Donnie and Jesse Broadwater had been shooting the device in Vegas and after the first day I met up with Donny and asked him how his first day went. He said he was shooting well but for some reason he was grouping very well on the top target, but on the two bottom targets his groups where significantly bigger. So the normal explanation is situations like these are: “I guess I was a little bit more nervous” or “The shots where just not feeling great” or some other vague explanation as we archers usually give. But Donny’s explanation was based on the data he gathered during the round: “I uploaded all my shot data to my smartphone yesterday evening and noticed that the shots I made on the top target are shot more strongly than the two on the bottom targets. So today I’m going to make stronger shots on the bottom targets.” And so he did, the second day he shot a 300 with a higher X-count then the day before. At that moment I thought these guys are on to something, instead of going with a feel, you can actually measure what you are doing and make decisions based on facts.

The Device

So months passed until I received my own Sweetspot Pro to play with, and man was I excited to get this thing running. So let’s first breakout the two versions there are, and what the difference is between the two.

Sweetspot GO/NOGO Sweetspot PRO
LCD screen LCD screen
Green and Red light for pressure indication Green and Red light for pressure indication
Adjustable pressure threshold Adjustable pressure threshold
500 shot memory 500 shot memory
Sight light with 16 brightness levels. Sight light with 16 brightness levels.
Water resistant Water resistant
Shot counter Shot counter
Rechargeable battery Rechargeable battery
Built in WIFI
Shot Timer
Pressure graph with live view on a mobile device
Save shots to your laptop or mobile device

My device of choice was the “Pro” version because of the extra functionality, mainly the option to connect to it via wifi, The graphical view of the shots and the option to export this data to your personal device and save it for later use. Mine actually says “GO/NOGO” on the package as this was an early shipment and they were out of “PRO” cases.

The package


Both the “GO/NOGO” and the “PRO” come in the same package with the same accessories.

  • The Sweetspot Pro or GO/NOGO
  • Pressure sensor
  • Micro-USB sensor connection cable
  • Micro USB Pressure light kit
  • Sight light kit
  • Glue
  • Tie-wraps and Velcro
  • Instruction manual ( READ THIS! )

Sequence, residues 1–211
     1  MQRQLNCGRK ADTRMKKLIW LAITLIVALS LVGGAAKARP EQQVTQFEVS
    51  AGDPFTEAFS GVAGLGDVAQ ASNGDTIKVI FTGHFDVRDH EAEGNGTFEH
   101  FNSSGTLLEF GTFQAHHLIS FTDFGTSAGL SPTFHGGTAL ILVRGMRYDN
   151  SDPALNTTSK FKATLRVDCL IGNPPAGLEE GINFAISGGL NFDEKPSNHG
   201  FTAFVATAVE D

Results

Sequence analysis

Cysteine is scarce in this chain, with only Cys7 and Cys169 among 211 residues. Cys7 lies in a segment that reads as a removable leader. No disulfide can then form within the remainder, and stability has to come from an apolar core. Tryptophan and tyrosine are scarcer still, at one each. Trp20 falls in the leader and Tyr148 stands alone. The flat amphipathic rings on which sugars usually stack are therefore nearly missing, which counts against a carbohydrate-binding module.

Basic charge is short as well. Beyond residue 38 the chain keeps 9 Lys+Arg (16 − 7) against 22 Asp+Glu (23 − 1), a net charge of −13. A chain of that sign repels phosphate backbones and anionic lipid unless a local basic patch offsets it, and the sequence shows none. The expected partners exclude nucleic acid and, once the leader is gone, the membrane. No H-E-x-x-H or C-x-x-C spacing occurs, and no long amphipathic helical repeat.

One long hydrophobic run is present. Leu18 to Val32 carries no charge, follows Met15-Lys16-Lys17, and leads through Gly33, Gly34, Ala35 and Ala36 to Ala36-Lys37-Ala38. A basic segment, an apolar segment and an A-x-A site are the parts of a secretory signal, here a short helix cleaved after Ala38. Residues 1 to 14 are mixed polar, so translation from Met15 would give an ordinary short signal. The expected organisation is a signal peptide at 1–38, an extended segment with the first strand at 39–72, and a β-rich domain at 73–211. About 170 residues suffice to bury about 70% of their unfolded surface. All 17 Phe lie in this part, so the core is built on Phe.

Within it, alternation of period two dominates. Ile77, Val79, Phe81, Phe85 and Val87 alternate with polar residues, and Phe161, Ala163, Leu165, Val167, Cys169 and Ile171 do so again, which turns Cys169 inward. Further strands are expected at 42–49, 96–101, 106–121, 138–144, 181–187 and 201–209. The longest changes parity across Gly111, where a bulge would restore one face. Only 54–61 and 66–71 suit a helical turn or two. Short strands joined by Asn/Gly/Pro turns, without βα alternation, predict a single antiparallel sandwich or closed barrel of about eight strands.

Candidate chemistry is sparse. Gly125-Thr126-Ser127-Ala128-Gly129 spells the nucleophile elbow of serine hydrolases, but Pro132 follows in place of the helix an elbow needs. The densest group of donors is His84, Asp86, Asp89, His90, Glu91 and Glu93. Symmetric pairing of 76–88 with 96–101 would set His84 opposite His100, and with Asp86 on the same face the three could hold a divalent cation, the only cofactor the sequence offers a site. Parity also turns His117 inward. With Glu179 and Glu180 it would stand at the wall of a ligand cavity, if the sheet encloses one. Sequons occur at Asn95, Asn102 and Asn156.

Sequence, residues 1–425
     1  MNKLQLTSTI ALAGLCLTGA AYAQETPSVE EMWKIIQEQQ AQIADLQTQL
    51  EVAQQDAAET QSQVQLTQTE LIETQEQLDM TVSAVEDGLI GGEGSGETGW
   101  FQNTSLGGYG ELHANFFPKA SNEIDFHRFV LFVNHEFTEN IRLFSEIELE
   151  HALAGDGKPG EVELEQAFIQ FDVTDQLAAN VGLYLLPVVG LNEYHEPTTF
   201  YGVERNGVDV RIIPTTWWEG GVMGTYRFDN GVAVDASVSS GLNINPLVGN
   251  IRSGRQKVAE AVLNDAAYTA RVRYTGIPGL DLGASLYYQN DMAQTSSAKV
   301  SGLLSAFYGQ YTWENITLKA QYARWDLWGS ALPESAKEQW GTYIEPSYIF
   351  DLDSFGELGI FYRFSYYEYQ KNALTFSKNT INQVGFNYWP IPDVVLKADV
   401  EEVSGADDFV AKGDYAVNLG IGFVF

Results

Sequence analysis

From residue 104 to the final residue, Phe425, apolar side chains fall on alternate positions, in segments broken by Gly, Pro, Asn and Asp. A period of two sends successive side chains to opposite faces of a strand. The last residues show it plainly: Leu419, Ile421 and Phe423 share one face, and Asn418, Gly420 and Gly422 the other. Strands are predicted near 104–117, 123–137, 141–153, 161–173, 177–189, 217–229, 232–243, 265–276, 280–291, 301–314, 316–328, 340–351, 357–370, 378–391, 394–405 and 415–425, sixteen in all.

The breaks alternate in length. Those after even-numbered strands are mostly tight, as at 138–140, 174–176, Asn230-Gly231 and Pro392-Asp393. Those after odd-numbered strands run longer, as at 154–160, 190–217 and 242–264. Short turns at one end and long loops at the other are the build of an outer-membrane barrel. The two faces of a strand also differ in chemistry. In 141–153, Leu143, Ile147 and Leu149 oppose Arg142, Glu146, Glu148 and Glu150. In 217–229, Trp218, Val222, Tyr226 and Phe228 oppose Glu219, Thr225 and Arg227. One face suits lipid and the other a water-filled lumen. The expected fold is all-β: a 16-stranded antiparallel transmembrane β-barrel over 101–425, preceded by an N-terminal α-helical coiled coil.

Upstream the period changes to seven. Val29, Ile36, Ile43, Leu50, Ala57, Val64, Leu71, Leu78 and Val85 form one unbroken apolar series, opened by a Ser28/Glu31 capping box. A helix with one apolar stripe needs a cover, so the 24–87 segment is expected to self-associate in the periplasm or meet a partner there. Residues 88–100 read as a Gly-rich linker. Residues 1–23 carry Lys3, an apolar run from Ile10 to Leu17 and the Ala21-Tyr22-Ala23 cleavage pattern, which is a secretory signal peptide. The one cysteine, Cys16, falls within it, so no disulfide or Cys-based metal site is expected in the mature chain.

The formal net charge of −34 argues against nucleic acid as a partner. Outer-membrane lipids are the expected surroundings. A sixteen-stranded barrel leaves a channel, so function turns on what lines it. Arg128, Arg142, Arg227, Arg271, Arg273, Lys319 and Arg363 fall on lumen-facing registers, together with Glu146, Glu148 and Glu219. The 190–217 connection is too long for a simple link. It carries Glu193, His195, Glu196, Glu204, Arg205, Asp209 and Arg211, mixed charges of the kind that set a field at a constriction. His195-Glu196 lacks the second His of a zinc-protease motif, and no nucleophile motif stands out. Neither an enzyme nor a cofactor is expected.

One time setup The Sensor

The Sweetspot requires you to bond the pressure sensor to your riser. Only when it is perfectly glued against your riser will it read accurately every time you draw back your bow.
So sticking the sensor on is the most important part of setting the SweetSpot up. You can, if you wish, remove the sensor from your bow without damaging the anodize, the glue won’t damage your riser. However, take note that the sensor is not usable anymore when you remove it. Here’s how I did it:

  1. Find a flat spot on the bow, since I’m shooting a Hoyt Prevail 40, the best spot to stick the sensor on is on the front of the grip. (Make sure you put the sensor somewhere between your front stabilizer mount and sight mount. Any higher or lower on the bow will not give accurate readings.)
  2. Making sure the riser is clean, I used 96% alcohol. Do not use acetone or such as that will damage your paint or anodize.
  3. Take a piece of clear scotch tape to position the sensor on the bow. (do not apply glue to the sensor yet!)
  4. Now that you have found the location where you will glue the sensor on your bow apply a big dot of glue to each of the 4 sensor pads and some on the green board just above it to make sure it stays connected to your bow whenever you plug in the USB-cable.
  5. When you have carefully positioned the sensor, use electrical tape to secure it in place and let it cure for at least an hour.
  6. After you have let it cure for at least an hour you can take all the tape off.
  7. After this, I have wrapped my grip with thin hockey tape to prevent the sensor from getting damaged during normal use.
  8. The first-time charge, I used my Samsung charger to charge it to 100%, make sure you fully charge it, it will drain the battery rather fast when you don’t give it a full charge before first use.


Attaching the SweetSpot

The next step is to attach the SweetSpot to your bow, it has a Velcro band in the package that you can use to attach it to either your riser or your sight. The case is just a little wider than the extension rod on most sights so make sure to strap it tight so it won’t move when you shoot. For my Axcel Achieve sight, I have 3D printed a little bracket for Axcel and shibuyas (you can order them here: sanderdolderman.nl) so it will not slide on the bar. The last thing you want to do is connecting the USB cable from the sensor to the SweetSpot. At this point, I have not installed the GO/NOGO light nor the fiber light kit. The upcoming week I will only use it to analyze my shots, for the pro series and 3D nationals I will use it with the GO/NOGO and fiber light.


Get one of these brackets at sanderdolderman.nl